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Cheshire cheese is a dense and crumbly cheese produced in Cheshire, England, and the neighbouring counties of Denbighshire, Flintshire, Staffordshire, and Shropshire.


Cheshire cheese is the one of the oldest recorded cheeses in British history and is referred to in the Domesday Book.

Cheshire was the most popular cheese on the market in the late eighteenth century. In 1758 the Royal Navy ordered that ships be stocked with Cheshire and Gloucester cheeses. By 1823, Cheshire cheese production was estimated at 10,000 tonnes per year.

Until the late 19th century, the different varieties of Cheshire Cheeses were aged to a sufficient level of hardness to withstand the rigours of transport (by horse and cart, and later by boat) to London for trading purposes. Younger, fresher, crumbly cheese that required shorter storage – similar to the Cheshire cheese of today - began to develop in popularity towards the end of the 19th century particularly in the industrial areas in the North and the Midlands. It was a cheaper cheese to make as it required less storage.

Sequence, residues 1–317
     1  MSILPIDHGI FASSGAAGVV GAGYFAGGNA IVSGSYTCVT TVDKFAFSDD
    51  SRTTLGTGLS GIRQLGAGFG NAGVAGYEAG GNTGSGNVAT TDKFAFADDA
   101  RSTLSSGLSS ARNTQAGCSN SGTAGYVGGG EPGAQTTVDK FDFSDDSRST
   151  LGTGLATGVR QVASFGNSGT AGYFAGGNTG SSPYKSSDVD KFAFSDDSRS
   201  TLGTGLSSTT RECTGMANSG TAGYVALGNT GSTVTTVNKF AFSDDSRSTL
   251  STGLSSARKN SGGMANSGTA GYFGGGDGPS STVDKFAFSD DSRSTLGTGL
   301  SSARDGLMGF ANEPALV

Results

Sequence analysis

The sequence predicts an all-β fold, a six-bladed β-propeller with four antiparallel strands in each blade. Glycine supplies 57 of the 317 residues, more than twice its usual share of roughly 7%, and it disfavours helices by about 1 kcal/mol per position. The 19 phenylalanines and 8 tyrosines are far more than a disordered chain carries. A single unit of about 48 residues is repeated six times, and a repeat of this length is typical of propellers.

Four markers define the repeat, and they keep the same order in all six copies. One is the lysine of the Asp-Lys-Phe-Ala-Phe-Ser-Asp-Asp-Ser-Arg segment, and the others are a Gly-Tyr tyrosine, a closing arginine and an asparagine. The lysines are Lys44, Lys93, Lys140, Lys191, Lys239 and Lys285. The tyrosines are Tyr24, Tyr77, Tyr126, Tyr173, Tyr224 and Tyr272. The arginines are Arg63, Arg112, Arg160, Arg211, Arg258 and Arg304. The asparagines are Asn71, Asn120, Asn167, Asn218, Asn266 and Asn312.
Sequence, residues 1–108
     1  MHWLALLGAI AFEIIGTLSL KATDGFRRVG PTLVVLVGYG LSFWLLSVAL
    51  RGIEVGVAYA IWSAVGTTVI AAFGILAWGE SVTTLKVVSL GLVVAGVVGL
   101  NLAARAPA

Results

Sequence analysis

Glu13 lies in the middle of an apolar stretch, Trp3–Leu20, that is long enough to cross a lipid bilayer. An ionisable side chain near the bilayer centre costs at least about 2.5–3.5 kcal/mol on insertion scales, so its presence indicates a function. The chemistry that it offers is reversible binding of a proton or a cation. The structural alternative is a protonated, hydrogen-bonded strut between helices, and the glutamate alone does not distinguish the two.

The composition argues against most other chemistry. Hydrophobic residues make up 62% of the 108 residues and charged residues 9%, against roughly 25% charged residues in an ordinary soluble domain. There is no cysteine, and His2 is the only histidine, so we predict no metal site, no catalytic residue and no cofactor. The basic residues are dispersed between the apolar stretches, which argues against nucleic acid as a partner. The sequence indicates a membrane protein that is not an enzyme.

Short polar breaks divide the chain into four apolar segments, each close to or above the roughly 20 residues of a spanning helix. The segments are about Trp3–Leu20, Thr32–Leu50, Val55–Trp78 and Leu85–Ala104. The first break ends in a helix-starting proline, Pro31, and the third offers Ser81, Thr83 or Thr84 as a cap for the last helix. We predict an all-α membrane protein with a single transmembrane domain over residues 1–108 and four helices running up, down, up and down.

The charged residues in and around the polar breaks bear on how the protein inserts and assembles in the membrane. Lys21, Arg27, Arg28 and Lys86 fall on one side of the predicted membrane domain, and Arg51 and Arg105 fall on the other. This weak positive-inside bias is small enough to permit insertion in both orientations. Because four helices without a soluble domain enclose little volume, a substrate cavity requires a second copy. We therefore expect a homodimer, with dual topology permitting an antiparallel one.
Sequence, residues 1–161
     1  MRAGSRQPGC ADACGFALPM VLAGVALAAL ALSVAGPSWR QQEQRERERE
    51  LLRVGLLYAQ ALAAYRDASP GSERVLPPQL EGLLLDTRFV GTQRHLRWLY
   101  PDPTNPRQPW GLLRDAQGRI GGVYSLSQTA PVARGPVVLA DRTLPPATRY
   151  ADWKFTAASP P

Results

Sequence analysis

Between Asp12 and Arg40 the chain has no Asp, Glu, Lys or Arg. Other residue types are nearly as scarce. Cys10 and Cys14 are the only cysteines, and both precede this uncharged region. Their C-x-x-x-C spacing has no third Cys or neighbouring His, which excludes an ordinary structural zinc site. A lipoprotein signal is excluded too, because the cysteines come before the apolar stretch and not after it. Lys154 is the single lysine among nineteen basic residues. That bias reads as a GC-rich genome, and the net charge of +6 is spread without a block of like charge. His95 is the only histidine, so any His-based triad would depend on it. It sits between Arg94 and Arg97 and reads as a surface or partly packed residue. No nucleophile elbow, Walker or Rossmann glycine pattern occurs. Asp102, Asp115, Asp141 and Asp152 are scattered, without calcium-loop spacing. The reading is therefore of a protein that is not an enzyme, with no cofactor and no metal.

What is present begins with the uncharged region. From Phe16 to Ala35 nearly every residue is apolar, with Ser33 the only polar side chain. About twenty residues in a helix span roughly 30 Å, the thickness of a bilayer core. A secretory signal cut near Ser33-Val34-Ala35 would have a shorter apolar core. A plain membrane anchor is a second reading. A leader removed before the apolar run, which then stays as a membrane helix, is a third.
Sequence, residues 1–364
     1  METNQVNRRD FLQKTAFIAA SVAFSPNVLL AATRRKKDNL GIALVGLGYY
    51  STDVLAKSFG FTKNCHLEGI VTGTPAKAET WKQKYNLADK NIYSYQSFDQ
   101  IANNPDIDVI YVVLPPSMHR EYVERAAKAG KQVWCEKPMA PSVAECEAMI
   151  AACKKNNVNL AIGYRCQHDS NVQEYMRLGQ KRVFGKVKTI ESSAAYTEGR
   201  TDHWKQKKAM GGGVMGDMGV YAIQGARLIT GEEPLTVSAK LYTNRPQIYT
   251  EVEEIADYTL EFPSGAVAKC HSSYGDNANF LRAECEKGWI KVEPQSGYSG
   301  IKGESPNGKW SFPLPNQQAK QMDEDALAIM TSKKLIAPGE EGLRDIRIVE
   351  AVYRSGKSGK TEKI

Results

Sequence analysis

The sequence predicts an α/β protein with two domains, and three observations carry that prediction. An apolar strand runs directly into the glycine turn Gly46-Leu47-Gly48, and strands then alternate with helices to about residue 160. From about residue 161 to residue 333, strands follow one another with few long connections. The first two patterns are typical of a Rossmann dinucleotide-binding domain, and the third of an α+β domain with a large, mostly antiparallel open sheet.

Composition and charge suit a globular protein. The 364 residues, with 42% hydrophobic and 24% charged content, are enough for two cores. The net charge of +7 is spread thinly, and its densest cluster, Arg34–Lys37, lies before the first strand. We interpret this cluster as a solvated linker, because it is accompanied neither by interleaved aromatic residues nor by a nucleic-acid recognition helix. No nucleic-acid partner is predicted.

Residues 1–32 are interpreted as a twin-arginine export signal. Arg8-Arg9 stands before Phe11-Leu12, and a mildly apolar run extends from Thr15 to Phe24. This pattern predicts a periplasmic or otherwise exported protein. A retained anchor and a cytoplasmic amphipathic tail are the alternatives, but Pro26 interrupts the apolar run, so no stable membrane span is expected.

Sales of Cheshire peaked at around 40,000 tonnes in 1960 subsequently declining as the range of cheeses available in the UK grew considerably. Cheshire Cheese remains the UK’s largest selling crumbly cheese with sales of around 6,500 tonnes per year.


It is a dense and crumbly cheese with a very sharp flavour derived from the area's abundant deposits of salt. It comes in three varieties: white, red (which has been dyed with annatto), and blue-veined (also known as Shropshire blue cheese). The blue-veined variety, which was once considered undesirable, is caused by mould penetration during aging.

Cheshire cheese is considered by some to be a variety of Cheddar cheese, although cheshire cheese is not aged as long as most cheddars.

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